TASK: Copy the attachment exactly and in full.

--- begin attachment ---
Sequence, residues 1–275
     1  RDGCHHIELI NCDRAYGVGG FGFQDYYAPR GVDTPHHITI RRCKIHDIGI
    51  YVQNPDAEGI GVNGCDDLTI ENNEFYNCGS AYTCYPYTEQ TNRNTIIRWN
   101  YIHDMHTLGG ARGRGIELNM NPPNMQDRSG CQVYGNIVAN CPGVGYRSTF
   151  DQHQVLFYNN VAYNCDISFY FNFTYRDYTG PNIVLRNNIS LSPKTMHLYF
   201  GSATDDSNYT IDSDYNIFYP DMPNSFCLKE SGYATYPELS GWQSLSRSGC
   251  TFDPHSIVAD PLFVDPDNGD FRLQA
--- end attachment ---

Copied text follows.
Sequence, residues 1–275
     1  RDGCHHIELI NCDRAYGVGG FGFQDYYAPR GVDTPHHITI RRCKIHDIGI
    51  YVQNPDAEGI GVNGCDDLTI ENNEFYNCGS AYTCYPYTEQ TNRNTIIRWN
   101  YIHDMHTLGG ARGRGIELNM NPPNMQDRSG CQVYGNIVAN CPGVGYRSTF
   151  DQHQVLFYNN VAYNCDISFY FNFTYRDYTG PNIVLRNNIS LSPKTMHLYF
   201  GSATDDSNYT IDSDYNIFYP DMPNSFCLKE SGYATYPELS GWQSLSRSGC
   251  TFDPHSIVAD PLFVDPDNGD FRLQA